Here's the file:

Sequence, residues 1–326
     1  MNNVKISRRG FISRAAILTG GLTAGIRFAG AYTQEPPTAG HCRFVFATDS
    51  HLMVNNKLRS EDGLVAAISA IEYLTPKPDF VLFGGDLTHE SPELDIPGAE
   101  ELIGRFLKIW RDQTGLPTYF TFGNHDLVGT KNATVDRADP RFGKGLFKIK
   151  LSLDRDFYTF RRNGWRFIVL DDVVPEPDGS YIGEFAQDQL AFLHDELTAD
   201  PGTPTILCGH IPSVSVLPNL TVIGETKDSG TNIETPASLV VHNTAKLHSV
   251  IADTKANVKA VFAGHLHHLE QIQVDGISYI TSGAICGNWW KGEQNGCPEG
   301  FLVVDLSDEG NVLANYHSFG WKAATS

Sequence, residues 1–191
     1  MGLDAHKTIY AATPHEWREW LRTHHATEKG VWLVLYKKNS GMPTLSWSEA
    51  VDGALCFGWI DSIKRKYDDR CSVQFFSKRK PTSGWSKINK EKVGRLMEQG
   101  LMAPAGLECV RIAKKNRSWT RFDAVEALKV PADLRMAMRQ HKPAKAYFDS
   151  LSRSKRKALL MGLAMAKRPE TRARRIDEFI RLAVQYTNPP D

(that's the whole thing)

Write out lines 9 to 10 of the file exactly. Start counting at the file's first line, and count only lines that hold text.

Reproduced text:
Sequence, residues 1–191
     1  MGLDAHKTIY AATPHEWREW LRTHHATEKG VWLVLYKKNS GMPTLSWSEA